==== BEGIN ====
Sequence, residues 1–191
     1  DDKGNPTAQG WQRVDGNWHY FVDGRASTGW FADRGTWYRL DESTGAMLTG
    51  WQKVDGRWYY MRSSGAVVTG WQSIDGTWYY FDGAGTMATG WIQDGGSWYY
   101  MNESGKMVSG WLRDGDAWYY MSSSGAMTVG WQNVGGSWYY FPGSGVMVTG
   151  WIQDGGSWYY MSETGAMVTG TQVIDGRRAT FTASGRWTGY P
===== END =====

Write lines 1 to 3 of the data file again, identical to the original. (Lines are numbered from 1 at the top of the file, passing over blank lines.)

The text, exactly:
Sequence, residues 1–191
     1  DDKGNPTAQG WQRVDGNWHY FVDGRASTGW FADRGTWYRL DESTGAMLTG
    51  WQKVDGRWYY MRSSGAVVTG WQSIDGTWYY FDGAGTMATG WIQDGGSWYY